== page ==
Gov. Kathy Hochul met with officials on Friday at Farmingdale State College to discuss preparedness and storm resiliency.  Credit: Gov. Office

Gov. Kathy Hochul on Friday convened officials on Long Island to get ready for the hurricane and storm season, and said she expects utilities including LIPA and PSEG to perform better than they have in the past.

Speaking at Farmingdale State College as the 10-year anniversary of the devastating Superstorm Sandy approaches, the governor said a repeat of past lapses would be unacceptable.

“I’m here to say that can’t happen,” Hochul said at a news conference after meeting with local politicians, law enforcement leaders and utility officials.

“So it is critical that LIPA and PSEG deliver for Long Island … especially in a crisis,” she said. “That’s why I came here in person, to convey that directly. When a storm hits … get the job done.”

An above-normal Atlantic hurricane season is still forecast for 2022, although the chances for it are slightly lower than initially predicted, the National Oceanic and Atmospheric Administration said earlier this month.
So far, there have been three named storms. The forecast calls for 14 to 20 named storms, of which six to 10 could become hurricanes and, of those, three to five could become major hurricanes.

PSEG came under heavy criticism after 2020's Tropical Storm Isaias left 535,000 customers in the dark for up to eight days because of a breakdown of computer and communications systems.

LIPA in December 2020 filed a breach-of-contract lawsuit against grid operator PSEG Long Island in an unprecedented move that put a price tag on the New Jersey-based company's "grossly negligent" performance during Isaias.

The suit accused PSEG of "corporate mismanagement, misfeasance, incompetence and indifference, rising well beyond the level of simple negligence." 

PSEG Long Island spokeswoman Ashley Chauvin said at the time that the company "stands by our dedicated and hardworking employees, our past accomplishments and our commitment to improve." 

Jackie Bray, commissioner of the state’s Division of Homeland Security and Emergency Services, said at the news conference that the utilities were making efforts to improve, though the test will be when an actual major storm hits.

She said the computer system that failed during Isaias “has been replaced by a new system as of this June” and that testing so far indicates it should function properly during a major storm or hurricane.

“It is our expectation that these systems must work during a significant” storm, she said.

The utilities are “in a much better place than they’ve been,” said Bray, who called their performance in Isaias an “absolutely unacceptable failure.”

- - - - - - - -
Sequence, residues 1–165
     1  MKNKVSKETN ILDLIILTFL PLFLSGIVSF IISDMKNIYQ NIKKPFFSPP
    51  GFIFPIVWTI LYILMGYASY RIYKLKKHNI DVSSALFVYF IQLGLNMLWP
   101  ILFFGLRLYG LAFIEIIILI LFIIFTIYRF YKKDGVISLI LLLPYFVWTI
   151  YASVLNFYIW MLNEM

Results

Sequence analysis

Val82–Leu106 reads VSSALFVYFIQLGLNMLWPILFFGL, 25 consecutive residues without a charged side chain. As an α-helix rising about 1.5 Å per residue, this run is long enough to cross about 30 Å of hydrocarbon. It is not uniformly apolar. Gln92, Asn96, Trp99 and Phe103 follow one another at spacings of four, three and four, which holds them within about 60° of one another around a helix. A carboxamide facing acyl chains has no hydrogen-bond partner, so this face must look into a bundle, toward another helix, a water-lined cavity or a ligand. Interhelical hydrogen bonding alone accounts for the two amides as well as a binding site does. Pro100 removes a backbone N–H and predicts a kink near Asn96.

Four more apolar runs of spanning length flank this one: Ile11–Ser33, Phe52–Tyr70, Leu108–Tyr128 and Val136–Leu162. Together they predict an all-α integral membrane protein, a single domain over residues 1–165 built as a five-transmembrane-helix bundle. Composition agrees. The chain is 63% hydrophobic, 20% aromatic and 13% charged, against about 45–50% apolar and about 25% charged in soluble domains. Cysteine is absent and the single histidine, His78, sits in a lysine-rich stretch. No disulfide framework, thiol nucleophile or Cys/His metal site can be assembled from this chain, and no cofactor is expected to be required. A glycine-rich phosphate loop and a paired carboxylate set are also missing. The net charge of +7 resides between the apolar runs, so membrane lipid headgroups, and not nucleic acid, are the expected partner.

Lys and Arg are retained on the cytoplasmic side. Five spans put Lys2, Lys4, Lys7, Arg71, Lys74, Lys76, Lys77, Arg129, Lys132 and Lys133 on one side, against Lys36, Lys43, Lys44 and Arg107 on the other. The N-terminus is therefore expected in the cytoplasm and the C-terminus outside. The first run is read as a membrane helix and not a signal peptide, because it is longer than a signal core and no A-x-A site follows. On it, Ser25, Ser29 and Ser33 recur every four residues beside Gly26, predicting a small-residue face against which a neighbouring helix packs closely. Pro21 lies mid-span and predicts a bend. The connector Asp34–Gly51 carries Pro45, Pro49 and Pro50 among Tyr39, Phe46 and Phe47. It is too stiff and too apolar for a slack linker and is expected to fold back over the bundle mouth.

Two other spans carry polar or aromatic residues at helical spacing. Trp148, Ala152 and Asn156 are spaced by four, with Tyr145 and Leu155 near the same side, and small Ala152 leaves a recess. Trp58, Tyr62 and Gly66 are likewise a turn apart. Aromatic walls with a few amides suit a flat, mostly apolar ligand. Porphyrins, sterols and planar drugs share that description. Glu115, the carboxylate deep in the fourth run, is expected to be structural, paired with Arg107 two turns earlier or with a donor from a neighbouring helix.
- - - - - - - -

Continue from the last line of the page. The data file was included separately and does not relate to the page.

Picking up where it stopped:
She said billions of dollars have been spent in the last several years to strengthen the power grid on Long Island.

Suffolk County Executive Steve Bellone, who also attended the session, said, “This is an issue that is incredibly important to us.”

He noted that many families are still “reeling” from the impact of Superstorm Sandy a decade later.

Both Hochul and Bray said New York can expect more turbulent weather in the months and years ahead because of climate change.

“Extreme weather is here and it’s not going anywhere,” Bray said.

Hochul noted that the entire South Shore of Long Island was elevated this week to a "severe drought" level by federal weather officials.

She also announced New York State Citizen Preparedness Corps training will resume this month after it was suspended in 2020 during the COVID-19 pandemic.

The program, since its creation in 2014, has provided nearly 350,000 New Yorkers with training and resources to prepare for disasters and know how to respond and recover from them as well.

"New York is no stranger to climate disasters and weather emergencies that require local emergency response agencies and the general public to be on alert and prepared," Hochul said in a statement.

The State Division of Homeland Security and Emergency Services, along with the New York National Guard, will hold five citizen preparedness training courses, officials said.

One of them is scheduled for Sept. 13 at 7 p.m. at the H. Lee Dennison Building in Hauppauge. Residents can reserve admission  by emailing

Another session is planned for Riverhead, but details have not yet been announced.

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